World Cup tickets scalping allegedly netted British director of Match Hospitality Raymond Whelan nearly $1 million, but Brazil won’t be letting him go until they get it back, reported The Wall Street Journal.
Whelan was released Wednesday after spending a night in police custody on the condition that he pay $2,250 bail and turn in his passport to prevent any possible escape. Police arrested Whelan after they found 82 World Cup tickets in his hotel room and bugged phone calls of Whelan negotiating with other scalpers.
One of the oddest details of the case are the group of policeman who discovered the scalping ring: a low-level Rio de Janeiro police force who needed journalists to explain the key figures in the scandal to them in order to follow through with the investigation, according to national Canadian newspaper The Globe and Mail.
“How did a bunch of poor policemen from Brazil do it?” the lead inspector said Monday before cursing dumbfoundedly. “I don’t know!”
Soccer’s governing body, FIFA, has a contract with Whelan’s company until 2023 to provide hotel room and game packages for the next two world cup events. The organization has already taken a hit to its reputation for accusations that it took bribes to give hosting privileges for the 2022 World Cup to Qatar, and it is not helped by the fact that the nephew of FIFA president Sepp Blatter is the CEO of a company with a 5 percent stake in Match Hospitality.
Whelan’s arrest took place in front of the iconic Copacabana Hotel in Rio. His exit was heavily documented by local journalists, which has caused Whelan’s lawyer Fernando Augusto Fernandes to call it a case of media frenzy. Fernandes maintains that all of the recovered tickets were for Whelan or his relatives.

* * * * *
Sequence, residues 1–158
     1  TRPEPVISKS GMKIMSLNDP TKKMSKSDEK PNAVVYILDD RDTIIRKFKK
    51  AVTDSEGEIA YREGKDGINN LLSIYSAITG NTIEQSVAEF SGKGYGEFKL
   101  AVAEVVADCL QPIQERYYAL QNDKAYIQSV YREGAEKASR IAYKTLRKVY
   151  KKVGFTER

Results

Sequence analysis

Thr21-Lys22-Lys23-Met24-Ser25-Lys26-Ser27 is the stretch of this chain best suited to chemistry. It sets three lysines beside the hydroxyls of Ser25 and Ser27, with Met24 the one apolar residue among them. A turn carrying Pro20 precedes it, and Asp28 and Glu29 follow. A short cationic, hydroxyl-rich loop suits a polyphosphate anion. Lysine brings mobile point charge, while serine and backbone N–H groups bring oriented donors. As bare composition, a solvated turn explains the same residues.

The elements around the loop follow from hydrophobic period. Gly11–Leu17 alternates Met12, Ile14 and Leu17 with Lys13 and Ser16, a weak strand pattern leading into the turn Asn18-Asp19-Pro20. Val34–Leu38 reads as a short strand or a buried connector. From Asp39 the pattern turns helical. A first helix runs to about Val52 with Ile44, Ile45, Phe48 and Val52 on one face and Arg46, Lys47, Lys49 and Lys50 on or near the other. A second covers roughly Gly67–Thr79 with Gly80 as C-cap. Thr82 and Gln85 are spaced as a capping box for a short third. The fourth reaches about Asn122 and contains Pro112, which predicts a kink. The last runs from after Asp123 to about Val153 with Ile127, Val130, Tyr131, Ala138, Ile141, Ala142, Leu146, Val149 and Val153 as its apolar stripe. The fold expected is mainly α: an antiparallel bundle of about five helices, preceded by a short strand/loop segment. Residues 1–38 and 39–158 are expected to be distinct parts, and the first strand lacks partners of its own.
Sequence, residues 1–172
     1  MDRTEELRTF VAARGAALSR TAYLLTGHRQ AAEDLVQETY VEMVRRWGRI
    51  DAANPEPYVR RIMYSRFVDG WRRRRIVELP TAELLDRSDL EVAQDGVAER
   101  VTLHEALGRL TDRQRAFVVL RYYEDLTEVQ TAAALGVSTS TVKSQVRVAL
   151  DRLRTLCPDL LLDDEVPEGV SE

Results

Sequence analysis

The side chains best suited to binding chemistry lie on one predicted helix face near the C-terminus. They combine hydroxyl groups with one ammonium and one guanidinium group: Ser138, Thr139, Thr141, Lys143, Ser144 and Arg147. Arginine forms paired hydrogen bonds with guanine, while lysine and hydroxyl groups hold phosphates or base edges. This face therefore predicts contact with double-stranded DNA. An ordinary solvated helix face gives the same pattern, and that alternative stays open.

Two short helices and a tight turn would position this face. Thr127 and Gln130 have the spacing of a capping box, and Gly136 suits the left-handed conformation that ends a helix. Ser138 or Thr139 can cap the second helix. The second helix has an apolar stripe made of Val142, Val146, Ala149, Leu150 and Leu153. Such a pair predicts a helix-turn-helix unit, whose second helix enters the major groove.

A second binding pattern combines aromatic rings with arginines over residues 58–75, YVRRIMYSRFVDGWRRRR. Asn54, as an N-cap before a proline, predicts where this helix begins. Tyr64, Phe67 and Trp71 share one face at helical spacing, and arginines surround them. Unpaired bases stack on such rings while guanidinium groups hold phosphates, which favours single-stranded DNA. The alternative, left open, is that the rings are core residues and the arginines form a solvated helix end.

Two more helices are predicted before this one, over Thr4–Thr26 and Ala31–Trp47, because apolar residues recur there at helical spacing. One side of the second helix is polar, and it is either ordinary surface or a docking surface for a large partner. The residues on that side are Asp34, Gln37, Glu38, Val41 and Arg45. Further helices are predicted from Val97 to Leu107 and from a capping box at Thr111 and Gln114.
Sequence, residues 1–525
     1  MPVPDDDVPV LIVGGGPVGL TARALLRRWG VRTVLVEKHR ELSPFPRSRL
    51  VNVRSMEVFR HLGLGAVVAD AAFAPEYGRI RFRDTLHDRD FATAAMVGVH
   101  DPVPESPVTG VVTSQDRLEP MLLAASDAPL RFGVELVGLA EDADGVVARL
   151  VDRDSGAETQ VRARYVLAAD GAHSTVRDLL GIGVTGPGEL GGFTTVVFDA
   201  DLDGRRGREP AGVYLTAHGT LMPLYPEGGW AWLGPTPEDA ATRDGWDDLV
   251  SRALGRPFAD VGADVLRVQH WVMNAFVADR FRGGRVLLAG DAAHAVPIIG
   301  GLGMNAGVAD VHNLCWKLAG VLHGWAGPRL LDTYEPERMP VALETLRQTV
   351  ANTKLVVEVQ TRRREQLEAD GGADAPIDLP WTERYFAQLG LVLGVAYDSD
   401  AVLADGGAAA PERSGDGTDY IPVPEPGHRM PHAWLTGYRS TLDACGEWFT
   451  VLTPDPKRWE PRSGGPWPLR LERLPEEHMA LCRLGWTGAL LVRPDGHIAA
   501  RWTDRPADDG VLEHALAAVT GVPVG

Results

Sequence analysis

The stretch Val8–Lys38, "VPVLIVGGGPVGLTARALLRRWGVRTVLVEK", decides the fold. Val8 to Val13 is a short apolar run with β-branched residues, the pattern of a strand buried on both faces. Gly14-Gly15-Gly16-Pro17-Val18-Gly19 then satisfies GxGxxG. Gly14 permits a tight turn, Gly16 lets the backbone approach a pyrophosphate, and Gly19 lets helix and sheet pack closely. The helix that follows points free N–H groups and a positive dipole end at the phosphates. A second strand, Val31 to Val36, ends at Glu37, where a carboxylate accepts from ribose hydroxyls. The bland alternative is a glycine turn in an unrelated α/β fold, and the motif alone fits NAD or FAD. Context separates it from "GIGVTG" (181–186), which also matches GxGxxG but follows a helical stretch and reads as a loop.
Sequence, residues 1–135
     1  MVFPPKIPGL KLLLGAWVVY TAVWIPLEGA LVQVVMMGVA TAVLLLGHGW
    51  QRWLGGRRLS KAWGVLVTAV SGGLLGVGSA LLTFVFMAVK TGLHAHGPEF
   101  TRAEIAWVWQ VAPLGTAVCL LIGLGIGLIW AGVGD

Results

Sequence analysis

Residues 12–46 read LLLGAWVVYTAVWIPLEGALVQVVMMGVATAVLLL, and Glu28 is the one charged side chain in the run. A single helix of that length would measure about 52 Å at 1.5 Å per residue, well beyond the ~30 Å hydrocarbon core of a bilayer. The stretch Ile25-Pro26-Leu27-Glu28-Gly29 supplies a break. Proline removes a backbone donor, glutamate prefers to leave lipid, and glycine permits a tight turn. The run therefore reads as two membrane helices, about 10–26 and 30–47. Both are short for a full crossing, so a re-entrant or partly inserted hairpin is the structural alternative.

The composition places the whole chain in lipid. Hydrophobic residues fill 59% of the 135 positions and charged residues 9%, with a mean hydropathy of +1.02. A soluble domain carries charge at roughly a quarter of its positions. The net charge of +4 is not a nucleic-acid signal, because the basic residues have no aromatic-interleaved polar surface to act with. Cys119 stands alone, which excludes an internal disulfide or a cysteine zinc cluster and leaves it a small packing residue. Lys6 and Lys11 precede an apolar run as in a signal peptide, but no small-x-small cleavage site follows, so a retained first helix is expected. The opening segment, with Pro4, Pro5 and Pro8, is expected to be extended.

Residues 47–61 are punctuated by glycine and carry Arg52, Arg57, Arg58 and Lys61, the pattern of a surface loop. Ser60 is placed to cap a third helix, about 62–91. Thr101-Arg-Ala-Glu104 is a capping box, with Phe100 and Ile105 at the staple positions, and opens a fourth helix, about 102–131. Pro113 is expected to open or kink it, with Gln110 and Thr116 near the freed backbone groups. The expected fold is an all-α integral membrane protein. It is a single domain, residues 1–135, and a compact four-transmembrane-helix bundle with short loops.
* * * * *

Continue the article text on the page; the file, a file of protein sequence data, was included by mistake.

“This arrest by the police is a media stunt,” Fernandes said. “There’s no proof against Raymond.”
Whelan’s fate will now play out in Brazilian courts for his World Cup ticket scalping offense. Federico Paiva, lead investigator for the attorney general, said he has already found additional evidence in his investigation, including bundling of hotel rooms and World Cup tickets that is illegal under Brazilian law. Complaints have been mounting as late as last year when Brazil’s antitrust regulation CADE first received denouncements against the company’s “price fixing” practices for World Cup rooms.
“So far, Match hasn’t cooperated with us,” Paiva said. “All the information we requested, Match said was confidential.”
Match has issued a statement denying that it has not been forthright in the investigation process, along with another stating it believes the evidence will exonerate Whalen even in the face of the World Cup ticket scalping scandal.